As an example, Ron described what he and Kyle went through trying to bring World of Goo to Games for Windows Live. The game got passed through lawyers, supervisors, engineers, QA teams, and various other managers for months and months before being approved. But when they brought the game to Steam (an admittedly more established service) the process took only a few days.

Ron defined publishing with an equation: Publishing = Funding + Distribution. But with the wide variety of distribution channels available to indies today, he concluded that traditional publishers aren’t needed at all. All that’s needed is funding. So the question became, “How do we do for publishing what Steam did for distribution?” The answer: Indie Fund.

He then went on to name some of the objectives of Indie Fund:
– A transparent, faster submission process
– A clear, publicly available deal
– A direct line of communication with the developer
– A flexible development setup for the developer
(no design docs, no milestones, just periodic builds with change lists)
– No IP ownership, no creative control over the developer
– No editorial work, putting trust in the developer

This concluded the talk. A brief Question and Answer session followed (which I will continue to heavily paraphrase):

Q: How big is the fund?
A: Size doesn’t matter. Finding the right games matters; the money will come.

Q: What about the role traditional publishers play in marketing?
A: It’s possible they help, but I haven’t seen conclusive evidence of them making a difference.

Q: When will the submission process open?
A: Currently it’s through word of mouth. We’re still ironing things out, waiting for results, etc.

Q: Are traditional publishers needed to reach all platforms?
A: We’re not handling that part of the business. But making one deal usually opens the door for others.

Q: Is Indie Fund similar to Y Combinator?
A: They seem to provide less funding and much earlier. Indie Fund will be more conservative at first, providing a significant amount of funding to more complete games.

Q: Will Indie Fund provide the developer with resources? Will you take royalties?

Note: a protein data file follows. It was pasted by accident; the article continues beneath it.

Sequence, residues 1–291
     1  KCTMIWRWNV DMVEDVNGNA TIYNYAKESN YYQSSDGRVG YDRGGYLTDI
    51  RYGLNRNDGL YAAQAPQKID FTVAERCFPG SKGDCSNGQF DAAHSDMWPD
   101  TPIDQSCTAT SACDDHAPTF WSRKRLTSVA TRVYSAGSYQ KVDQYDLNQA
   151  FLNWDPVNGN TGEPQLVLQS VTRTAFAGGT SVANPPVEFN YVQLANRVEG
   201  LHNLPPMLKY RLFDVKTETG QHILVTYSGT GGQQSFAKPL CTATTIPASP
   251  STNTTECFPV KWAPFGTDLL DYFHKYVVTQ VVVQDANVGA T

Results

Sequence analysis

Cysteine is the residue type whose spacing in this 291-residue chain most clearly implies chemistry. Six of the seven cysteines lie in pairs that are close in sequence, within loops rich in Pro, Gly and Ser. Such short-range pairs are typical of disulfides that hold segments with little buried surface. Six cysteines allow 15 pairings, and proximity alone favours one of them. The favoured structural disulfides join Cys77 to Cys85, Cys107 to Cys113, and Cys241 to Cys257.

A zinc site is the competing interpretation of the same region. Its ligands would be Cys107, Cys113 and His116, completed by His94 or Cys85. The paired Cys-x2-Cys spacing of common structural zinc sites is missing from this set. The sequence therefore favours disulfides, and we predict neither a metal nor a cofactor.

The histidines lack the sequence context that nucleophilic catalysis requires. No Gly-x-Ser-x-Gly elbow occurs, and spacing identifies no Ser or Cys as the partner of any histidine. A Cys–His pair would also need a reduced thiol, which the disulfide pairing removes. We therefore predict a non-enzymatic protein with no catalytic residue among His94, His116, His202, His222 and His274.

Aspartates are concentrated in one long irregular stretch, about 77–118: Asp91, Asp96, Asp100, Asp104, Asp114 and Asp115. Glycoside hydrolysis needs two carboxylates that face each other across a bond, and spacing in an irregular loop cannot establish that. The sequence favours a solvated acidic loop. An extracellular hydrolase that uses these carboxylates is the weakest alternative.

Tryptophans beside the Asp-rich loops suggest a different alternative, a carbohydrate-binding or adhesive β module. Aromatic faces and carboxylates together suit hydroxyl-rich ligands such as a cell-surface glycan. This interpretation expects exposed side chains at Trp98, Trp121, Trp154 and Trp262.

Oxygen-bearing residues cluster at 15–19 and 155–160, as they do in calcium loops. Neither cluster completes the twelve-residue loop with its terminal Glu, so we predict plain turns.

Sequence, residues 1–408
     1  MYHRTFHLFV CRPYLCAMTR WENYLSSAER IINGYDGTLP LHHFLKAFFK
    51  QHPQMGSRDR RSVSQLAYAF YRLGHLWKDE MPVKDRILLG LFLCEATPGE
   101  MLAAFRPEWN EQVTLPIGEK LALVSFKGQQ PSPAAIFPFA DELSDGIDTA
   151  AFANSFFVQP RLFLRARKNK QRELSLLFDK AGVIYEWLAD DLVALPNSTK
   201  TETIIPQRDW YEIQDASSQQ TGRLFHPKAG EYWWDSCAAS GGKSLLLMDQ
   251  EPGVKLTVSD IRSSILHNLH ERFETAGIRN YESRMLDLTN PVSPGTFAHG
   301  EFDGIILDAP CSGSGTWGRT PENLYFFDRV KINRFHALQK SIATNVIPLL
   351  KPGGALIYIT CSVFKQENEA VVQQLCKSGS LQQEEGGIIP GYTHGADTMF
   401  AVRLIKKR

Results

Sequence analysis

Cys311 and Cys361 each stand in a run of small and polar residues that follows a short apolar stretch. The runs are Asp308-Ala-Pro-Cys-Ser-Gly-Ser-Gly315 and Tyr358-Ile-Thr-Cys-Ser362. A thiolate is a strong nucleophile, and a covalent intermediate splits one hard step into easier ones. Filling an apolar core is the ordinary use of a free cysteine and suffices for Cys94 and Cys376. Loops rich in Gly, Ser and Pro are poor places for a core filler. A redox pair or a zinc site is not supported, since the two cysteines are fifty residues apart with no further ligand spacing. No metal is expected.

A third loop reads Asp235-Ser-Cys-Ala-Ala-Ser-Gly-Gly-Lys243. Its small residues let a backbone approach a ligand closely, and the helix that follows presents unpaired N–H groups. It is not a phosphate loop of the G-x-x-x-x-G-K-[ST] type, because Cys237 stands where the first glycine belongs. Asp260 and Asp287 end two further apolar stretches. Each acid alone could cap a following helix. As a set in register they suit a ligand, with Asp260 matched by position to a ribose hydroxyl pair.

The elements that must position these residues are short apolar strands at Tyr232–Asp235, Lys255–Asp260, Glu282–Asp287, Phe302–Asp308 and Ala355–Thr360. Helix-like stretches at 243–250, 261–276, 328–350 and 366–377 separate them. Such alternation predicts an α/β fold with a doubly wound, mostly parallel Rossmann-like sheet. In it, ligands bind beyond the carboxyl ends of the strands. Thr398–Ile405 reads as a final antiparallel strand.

A: This isn’t our full time job. We won’t be doing these things. The developer should remain independent.

GDC 2010: Please Finish Your Game

By: Derek Yu

On: March 24th, 2010

The inimitable Chris Hecker ranted at GDC this year (Chris worked on Spore but is now indie). His rant, titled “Please Finish Your Game”, addresses the issue of development time in the mainstream and indie communities. Specifically, he asks developers to pursue good ideas to their “logical and aesthetic extent”.

Chris elaborates on his rant here, and has added an email exchange he had with cactus about it afterwards (cactus is featured prominently in the rant).

GDC 2010: San Fran & Back Again

By: Brandon McCartin (BMcC)

On: March 23rd, 2010

BMcC looking so thrilled about GDC -- photo by Chrissy Chubala
Embarrassing picture making me look like more of a derelict than I truly am courtesy of Chrissy Chubala

The 2010 Game Developers Conference has come and gone.

GDC is essentially the start of the year for me. It’s more of a personal landmark than Christmas or my birthday. When I get home, that’s my January 1st. This year, like every year, was profoundly inspiring, motivating, enlightening, exciting, and everything in between. Just being around so many people who decide to do the same crazy thing you do, who have such passion, is almost magical. (Especially after months of solitary work!)

Yet, GDC is also different each year. The indie community keeps growing and changing. This year there were so many new faces, more than ever, so many surprises, and an overall feeling of… something I can’t put my finger on, but that’s good! It was certainly the best year yet. (On the other hand, what year wasn’t?) Here’s to seeing even more indies next year!

I’ve got plenty of stories to tell, but the front page isn’t really the place for it. Instead I’m going to put down my coverage of The Independent Games Summit already. Sitting at each session, furiously scribbling notes, I thought, “Yeah, I’m on top of it this year!” Of course the real journalists were typing right into blog posts, or Twitter, or whatever fancy new thing they’ve got on their fancy-pants laptops. (I would say something here about me being “too indie” and so on, but the truth is I was woefully unprepared for everything, as always.)